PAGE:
Tennis, Tuck Shop, Down Shop and Chemistry
by Palit – a.k.a. prospective President of India
It was 1978. My supposedly aspiring astrologer buddy, in school, Lall Tezwani, took the liberty – without my knowledge or consent – to add to the printed list of “Important Events” in my pocket sized Collins “New Gem Dictionary” the following:
1980: Palit broke the world record in running.
1981: Palit had a boil on his b..m.
1982: Palit became President of India.
I “discovered” Lall Tezwani’s optimistic predictions later in the day when I had to refer to the dictionary for a class lesson. Lall, who was also my desk mate (we were seated two students to a desk), displayed a mischievous smile in response to my stern look at him. The stern look and the mischievous smile was simply play-acting, we were that close.
Many years later, I learnt Lall Tezwani had made the west coast of the United States his new home. I took the opportunity to scan Lall’s entry in my dictionary and emailed it to him – all in good humour.
My Collins Dictionary is now heavily taped, the pages have turned brown and the edges flake off easily. Lall’s pencil scribble of 1978 has faded and is now barely visible. But the memories remain.
Those were the days. We joked around, played, made friends and dreamed. Not a care in the world.
For some of us at school, our preferences were in the following order of priority: weekend tennis matches, raiding the tuck shop between class breaks, scooting down to Down Shop after school and dreading our Chemistry teacher. For the rest, their priorities were just the reverse. Irrespective of what might seem to some as convoluted priorities, we were all proud and happy Edmundians.
The tennis courts have long since been built over. We had the privilege of dragging the heavy nets from the storage room in the college building down the paved lane onto the courts. We played all day Saturdays, Sundays and on holidays. When it rained, we sulked – and it rained a lot in Shillong. Weather permitting, we felt like a Bjorn Borg, a Jimmy Connors, a Stefan Edberg, a John McEnroe, a Pete Sampras or a Boris Becker. We emulated our hero of the day. Oh! How we adored the tennis greats.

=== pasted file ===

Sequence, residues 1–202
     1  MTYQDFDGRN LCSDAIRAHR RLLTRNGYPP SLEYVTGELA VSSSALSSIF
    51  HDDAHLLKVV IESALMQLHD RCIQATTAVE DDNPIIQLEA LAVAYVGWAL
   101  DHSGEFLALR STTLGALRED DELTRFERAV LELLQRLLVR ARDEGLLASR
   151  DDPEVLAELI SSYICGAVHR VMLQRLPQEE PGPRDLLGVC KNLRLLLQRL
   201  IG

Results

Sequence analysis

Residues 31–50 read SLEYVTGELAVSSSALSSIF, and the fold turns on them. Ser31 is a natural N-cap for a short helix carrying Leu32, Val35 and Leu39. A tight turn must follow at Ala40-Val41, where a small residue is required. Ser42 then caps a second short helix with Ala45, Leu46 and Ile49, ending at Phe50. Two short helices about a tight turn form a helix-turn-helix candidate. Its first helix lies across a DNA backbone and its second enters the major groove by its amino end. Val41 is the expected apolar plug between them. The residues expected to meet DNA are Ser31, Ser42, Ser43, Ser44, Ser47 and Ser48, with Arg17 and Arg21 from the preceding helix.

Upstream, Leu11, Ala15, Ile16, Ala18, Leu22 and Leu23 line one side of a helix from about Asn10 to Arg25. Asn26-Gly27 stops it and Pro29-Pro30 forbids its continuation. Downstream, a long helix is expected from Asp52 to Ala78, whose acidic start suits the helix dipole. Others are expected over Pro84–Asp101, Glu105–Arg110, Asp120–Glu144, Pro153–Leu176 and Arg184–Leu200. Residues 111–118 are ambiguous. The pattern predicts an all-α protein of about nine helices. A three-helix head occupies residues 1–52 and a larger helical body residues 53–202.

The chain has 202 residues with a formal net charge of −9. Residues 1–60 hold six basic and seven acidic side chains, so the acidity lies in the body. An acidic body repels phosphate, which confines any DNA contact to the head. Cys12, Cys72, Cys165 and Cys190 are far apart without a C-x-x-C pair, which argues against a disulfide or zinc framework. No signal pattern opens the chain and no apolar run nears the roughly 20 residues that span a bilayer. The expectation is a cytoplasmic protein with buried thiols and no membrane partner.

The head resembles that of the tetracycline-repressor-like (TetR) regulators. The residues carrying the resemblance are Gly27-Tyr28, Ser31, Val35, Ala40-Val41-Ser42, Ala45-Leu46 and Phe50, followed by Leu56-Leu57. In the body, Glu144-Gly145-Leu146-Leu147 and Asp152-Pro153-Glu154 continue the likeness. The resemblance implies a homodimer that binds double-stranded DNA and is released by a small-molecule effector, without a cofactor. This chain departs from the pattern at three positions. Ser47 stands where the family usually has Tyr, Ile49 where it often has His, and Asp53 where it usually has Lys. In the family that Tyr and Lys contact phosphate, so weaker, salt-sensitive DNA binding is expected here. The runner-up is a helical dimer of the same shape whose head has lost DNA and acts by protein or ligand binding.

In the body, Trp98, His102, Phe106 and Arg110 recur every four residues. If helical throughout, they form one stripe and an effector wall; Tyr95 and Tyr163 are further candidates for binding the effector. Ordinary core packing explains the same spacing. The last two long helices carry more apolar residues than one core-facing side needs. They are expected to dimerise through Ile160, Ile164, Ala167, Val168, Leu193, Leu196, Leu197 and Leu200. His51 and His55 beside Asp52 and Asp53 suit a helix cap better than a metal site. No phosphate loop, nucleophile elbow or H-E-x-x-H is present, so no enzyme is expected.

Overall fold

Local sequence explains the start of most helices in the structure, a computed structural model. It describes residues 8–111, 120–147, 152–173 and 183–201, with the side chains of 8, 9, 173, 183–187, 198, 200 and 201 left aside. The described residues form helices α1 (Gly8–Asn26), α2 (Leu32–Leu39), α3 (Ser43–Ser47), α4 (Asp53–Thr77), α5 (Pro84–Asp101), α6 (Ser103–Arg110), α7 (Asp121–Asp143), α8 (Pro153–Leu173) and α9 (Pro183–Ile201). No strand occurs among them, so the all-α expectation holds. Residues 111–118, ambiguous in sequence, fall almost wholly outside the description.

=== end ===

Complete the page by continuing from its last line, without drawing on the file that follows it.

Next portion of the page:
The tuck shop was tucked away by the swimming pool. A rectangular room that was filled with goodies: from chicklets to chocolates. It was THE comfort zone in school. We could look forward to spending our hard “earned” weekly gifts from mum, dad, uncle and grandpa to take a bit of “stress” out of our hard day of work at school.
The spicy curry served in Down Shop released a lot a heat from you. For samosas, lal mohan, jalebi and chai, we would raid either Kalpan or Jalpan in Laimo. If we felt like having Chinese food, it was Kalsang for momos or Abba for chow mein. And of course – who could forget Delhi Mistan in PB for some mitahi after an afternoon out at the movies in Dreamland or Kelvin.
In class 6, daylong walking trips from Laimo to Shillong Peak to catch tadpoles and butterflies with nets and traps was a lot of fun. Our yearly school picnics were fun too as long as you did not get caught smoking a cigarette. Smoking was a strict no-no.
Then came the highlight of each school year for all – the school sports week – a fun filled week for students, parents and teachers alike.
Lunchtime handball or a football match freshened us up for the afternoon classes while interschool cricket and after school basketball tournaments were a treat to watch. Then of course – we had the Wednesday movie nights – waiting for the Loreto students to “walk down the aisle” to be seated in the school hall for the movie to start.
Our Chemistry teacher was much loved – a humble and mild mannered man who treated his students well. However, we dreaded the days when he seemed a bit too “tipsy” – for those were the days he tended to mumble a lot and we had to concentrate real hard to “grasp” the essence of the lesson. Else, all was good.
But our star “guru” was Brother Shannon. He was a big man with a very big heart. He was witty and warm. His strides were long; his robe always seemed to drag behind him. He taught us physics. His animated lessons were action packed and kept me awake and attentive. His sense of humour made a heavy subject fun to learn. RIP Brother Shannon – we thank you for all your services to mankind.
The years have gone by very quickly. The school has evolved. The country has changed and people are busier than ever. However, the memories of St’ Edmunds School will always remain dear to me and will not be erased. Those were the days. So folks – learn, enjoy and relish your school years – for these are formative years for the rest of your life.